The second place I cultivate stillness is when I’m with clients. In this case, I’m not usually frustrated, as I am when I must wait; but I am needing to pay attention. I could be preparing an answer, making a diagnosis, putting together a formulation, or dreaming of lunch; but if I did any of those things while you were speaking, I wouldn’t be listening in the way you expect me to listen. In those moments, it’s important for me to give myself over to your story the way you see it and understand it as if I were you before I go messing around with my own interpretations and interventions. I don’t believe listening this way is the only thing a therapist should do; but I do believe it’s an essential component of our art.

Also, when a client has seen me be still, the stillness gives my words gravity when I finally do speak.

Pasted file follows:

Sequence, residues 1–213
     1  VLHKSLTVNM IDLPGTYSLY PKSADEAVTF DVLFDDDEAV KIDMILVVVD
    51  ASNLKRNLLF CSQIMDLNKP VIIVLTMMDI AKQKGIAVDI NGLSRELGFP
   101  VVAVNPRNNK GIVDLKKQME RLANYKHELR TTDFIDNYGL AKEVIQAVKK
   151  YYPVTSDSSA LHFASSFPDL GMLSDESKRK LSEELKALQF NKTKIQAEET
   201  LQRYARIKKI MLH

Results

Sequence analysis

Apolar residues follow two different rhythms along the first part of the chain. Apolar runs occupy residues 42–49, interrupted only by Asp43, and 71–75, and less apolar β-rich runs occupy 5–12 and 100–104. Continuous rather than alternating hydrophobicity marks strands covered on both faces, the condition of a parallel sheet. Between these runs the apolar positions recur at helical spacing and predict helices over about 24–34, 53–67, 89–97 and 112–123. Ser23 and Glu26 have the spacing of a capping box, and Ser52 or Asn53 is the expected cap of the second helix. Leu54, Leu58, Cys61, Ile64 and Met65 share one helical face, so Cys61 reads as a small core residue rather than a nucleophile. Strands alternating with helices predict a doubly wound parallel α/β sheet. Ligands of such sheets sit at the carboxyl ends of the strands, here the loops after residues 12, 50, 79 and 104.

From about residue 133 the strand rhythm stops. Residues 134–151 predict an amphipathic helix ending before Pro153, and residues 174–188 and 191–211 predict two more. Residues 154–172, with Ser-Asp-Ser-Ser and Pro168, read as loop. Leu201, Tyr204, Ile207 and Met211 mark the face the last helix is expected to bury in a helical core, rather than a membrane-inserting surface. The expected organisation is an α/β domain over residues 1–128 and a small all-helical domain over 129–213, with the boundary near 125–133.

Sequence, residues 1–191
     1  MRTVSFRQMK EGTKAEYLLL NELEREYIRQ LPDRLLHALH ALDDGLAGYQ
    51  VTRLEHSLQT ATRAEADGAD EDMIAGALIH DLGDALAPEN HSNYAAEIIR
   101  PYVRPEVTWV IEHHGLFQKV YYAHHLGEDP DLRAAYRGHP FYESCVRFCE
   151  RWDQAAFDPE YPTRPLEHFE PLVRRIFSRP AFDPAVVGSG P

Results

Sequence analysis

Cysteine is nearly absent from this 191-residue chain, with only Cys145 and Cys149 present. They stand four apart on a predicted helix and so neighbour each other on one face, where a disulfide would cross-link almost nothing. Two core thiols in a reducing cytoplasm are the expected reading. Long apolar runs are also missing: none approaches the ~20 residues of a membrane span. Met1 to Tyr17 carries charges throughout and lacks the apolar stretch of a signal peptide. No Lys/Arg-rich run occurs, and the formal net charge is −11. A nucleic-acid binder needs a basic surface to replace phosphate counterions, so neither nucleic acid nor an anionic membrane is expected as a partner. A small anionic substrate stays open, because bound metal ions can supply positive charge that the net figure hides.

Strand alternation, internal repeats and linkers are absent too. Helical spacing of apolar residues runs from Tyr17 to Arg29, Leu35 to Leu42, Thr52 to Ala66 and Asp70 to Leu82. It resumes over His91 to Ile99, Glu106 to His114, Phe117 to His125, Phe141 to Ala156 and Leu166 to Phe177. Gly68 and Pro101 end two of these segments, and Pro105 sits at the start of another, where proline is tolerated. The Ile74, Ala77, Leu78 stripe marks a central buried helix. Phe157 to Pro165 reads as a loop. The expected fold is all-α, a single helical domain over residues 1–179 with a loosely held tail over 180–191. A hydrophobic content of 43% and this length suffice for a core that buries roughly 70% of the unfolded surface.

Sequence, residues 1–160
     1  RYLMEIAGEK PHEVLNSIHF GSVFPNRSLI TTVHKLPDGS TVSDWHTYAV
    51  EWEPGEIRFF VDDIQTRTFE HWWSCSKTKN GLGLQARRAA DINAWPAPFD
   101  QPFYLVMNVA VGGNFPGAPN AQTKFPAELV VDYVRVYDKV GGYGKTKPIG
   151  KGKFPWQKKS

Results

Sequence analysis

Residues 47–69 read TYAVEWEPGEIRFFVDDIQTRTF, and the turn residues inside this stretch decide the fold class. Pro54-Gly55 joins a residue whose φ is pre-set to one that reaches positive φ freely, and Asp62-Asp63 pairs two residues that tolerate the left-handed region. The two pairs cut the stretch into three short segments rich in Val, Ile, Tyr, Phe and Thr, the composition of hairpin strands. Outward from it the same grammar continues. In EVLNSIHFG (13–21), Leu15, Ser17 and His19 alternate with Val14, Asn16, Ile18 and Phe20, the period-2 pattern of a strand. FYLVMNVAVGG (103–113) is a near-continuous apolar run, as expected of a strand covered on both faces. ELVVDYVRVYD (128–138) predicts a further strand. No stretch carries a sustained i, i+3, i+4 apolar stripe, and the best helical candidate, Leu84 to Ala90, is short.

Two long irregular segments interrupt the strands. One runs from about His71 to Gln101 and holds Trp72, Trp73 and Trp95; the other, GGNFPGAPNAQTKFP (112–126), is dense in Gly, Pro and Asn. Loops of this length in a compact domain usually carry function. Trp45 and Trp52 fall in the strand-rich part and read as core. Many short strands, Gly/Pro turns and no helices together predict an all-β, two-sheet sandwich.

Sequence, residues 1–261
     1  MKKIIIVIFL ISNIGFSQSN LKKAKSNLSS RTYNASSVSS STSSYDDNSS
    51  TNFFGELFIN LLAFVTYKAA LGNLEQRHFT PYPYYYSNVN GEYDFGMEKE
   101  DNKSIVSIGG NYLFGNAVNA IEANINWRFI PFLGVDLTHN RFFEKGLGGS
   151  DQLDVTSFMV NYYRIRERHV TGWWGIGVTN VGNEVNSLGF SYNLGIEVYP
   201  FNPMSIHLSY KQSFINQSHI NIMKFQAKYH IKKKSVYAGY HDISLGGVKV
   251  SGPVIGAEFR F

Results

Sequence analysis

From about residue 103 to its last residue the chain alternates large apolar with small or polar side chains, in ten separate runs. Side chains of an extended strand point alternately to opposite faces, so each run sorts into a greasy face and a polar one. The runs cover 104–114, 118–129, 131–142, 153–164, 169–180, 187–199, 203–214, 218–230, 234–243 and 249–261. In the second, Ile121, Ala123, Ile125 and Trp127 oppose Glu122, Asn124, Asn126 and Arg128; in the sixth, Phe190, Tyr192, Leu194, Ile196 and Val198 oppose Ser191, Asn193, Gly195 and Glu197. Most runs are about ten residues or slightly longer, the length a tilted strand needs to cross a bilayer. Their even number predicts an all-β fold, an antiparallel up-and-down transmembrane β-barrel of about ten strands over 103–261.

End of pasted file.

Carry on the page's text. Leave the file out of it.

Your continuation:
The third place I cultivate stillness is when I feel challenged or out of my element. This is the hardest plot of ground to cultivate stillness, for adrenalin is running; but being still is the most sensible thing to do. Being still eliminates much of the noise in the situation, the confounding factors of my own actions, and permits me to learn much more about what I am facing. Being still then is a period of study that makes any subsequent action I take all the more effective.

Another obvious place for stillness is in preparing to go to sleep. That’s a bad time for agitation, hyperactivity, hypervigilance, spasticity, craziness, nervousness, excitability, and trouble. It’s a good time to chill. It’s a great time to remember those rare moments of beauty, if you have them, or practice meditation, if you don’t. I wouldn’t try yoga, though; and, if you use drugs, you’ll get to where you always need drugs to go to sleep.